Sure, Hyper-V is an improvement over the downright awful Virtual Server, but it doesnt match what VMware offers. In fact, Hyper-Vs most impressive trait is simply that its from Microsoft. Its feature set, though, is still lacking.
That said, Microsofts playbook is well known. Throw a product out there just to be in the space. Improve it until it cant be entirely dismissed as inferior. Improve it some more until it is good enough. Then, divide and conquer.
Hyper-V isnt generally regarded as good enough quite yet, but this time around, Microsofts playbook has a new wrinkle: partnerships. Last week, Citrix and Microsoft unveiled a new virtualization partnership. Citrix new virtualization management suite, Citrix Essentials, will support Microsofts Hyper-V.
Coming on the heels of a similar Microsoft deal with Red Hat, Redmond is clearly aiming to box in VMware, leveraging the one thing that VMware doesnt have: an open ecosystem. The Xen community is strong, and through simple partnering agreements, Microsoft is taking advantage of an ecosystem its not even participating in.
Say what you want about Microsoft, but they know how to compete.
However, it may very well be Citrix, not Microsoft, which is best positioned to benefit from this strategy. Citrix has a good story to tell with Hyper-V interoperability, said Chris Wolf, senior analyst, Burton Group.
There are a lot of shops that will never bet against Microsoft. Now, with [Citrix] XenServer they dont have to. A virtual machine on XenServer will run on Hyper-V. If you want virtualization today and advanced features like Live Migration, you dont have to wait for Hyper-V to evolve. Just roll out XenServer.
Microsoft and Citrix have a long-standing partnership in place, so extending it to virtualization is no great leap. Microsofts strategy in my opinion is: anyone but VMware, Wolf said. That mainly benefits Citrix. If theres something that Microsoft doesnt have, they tell their customers to go to Citrix.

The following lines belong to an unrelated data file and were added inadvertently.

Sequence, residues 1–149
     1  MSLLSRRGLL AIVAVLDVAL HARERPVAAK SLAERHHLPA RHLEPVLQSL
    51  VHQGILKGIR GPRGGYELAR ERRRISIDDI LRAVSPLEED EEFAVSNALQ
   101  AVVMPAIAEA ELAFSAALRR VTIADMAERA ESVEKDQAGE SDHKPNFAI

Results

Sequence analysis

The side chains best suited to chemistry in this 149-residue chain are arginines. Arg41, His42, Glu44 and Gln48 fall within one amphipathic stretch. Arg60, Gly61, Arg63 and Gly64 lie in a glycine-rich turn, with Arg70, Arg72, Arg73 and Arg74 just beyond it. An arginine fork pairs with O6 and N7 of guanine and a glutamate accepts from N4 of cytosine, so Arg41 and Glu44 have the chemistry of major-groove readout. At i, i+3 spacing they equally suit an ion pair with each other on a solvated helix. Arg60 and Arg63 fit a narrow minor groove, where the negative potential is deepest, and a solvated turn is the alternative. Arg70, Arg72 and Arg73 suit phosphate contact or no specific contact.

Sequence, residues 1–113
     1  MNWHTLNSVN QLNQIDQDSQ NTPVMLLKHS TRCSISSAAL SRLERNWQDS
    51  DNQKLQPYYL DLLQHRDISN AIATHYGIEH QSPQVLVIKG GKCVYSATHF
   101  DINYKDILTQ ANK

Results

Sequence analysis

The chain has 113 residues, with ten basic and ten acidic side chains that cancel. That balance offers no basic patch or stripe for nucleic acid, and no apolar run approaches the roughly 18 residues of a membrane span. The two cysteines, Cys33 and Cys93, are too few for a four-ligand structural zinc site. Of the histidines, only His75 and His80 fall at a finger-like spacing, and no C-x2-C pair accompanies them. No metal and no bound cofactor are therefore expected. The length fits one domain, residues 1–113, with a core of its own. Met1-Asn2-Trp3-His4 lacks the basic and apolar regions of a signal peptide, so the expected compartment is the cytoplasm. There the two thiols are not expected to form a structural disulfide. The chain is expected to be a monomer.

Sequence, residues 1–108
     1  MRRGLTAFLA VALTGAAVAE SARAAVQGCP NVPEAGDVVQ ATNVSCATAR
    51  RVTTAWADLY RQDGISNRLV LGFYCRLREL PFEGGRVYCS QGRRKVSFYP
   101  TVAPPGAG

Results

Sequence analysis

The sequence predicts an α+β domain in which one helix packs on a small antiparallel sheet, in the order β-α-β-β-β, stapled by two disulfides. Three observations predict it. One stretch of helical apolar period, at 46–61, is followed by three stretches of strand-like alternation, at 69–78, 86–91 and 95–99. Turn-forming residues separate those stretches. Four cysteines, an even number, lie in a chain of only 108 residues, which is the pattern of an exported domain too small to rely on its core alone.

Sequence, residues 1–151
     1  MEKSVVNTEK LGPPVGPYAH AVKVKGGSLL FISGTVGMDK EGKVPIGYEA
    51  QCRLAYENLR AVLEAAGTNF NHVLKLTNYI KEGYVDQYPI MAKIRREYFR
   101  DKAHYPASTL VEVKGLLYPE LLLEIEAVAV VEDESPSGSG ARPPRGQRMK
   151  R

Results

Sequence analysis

A main part of the anti-VMware message is that VMware traps you in a closed system. With Microsoft, Citrix, Red Hat, and, well, anyone other than VMware, the message goes, you benefit from an open environment and the innovation an open environment encourages.
As Citrix CTO Simon Crosby put it, Our goal is to get fast, free and compatible virtualization on every server. Were opposed to VMwares continued closed-source, proprietary vertical stack that excludes other vendors in the ecosystem.
Kind of ironic coming from a Microsoft partner, isnt it?
Crosby conceded the point, but as a long-term Microsoft partner, he doesnt consider Microsoft to be a closed-source vendor. Sure, theyre stingy with their source code. Yes, they have a history of strong arming customers to lock out competitors, but they dont exclude third-party vendors who add value to their offerings.
To make his point, he pointed to Windows. Windows has always been an open platform in the sense that Microsoft has always recognized the role of ISVs in extending the platform and addressing customer needs, Crosby said.
To put a more cynical spin on it, so long as you pay your proper fealty, Microsoft is perfectly happy to keep you around. Empires require alliances, after all.
Being more charitable, Microsoft has always embraced ecosystems around its software and platforms to a limited degree. Today, the nature and value of platform ecosystems has changed as has the means for monetizing the solutions those ecosystems are built around. With virtualization, Microsoft is changing with the times and embracing an open, multi-vendor ecosystem.
At least thats the story for today.
Another factor to consider is that Citrix is now offering XenServer with an array of high-end features for free. VMware, on the other hand, currently limits its freebies to low-end, limited-use solutions.
Citrix believes that hypervisors are a commodity, virtualization itself is the easy part, and customers will pay for the hard part: management. This is savvy positioning. Getting a foot in the door by giving stuff away is a time-tested marketing strategy, and as other vendors follow suit and offer free or even low-cost virtualization solutions, Citrix has a head start on managing mixed Windows and Linux environments.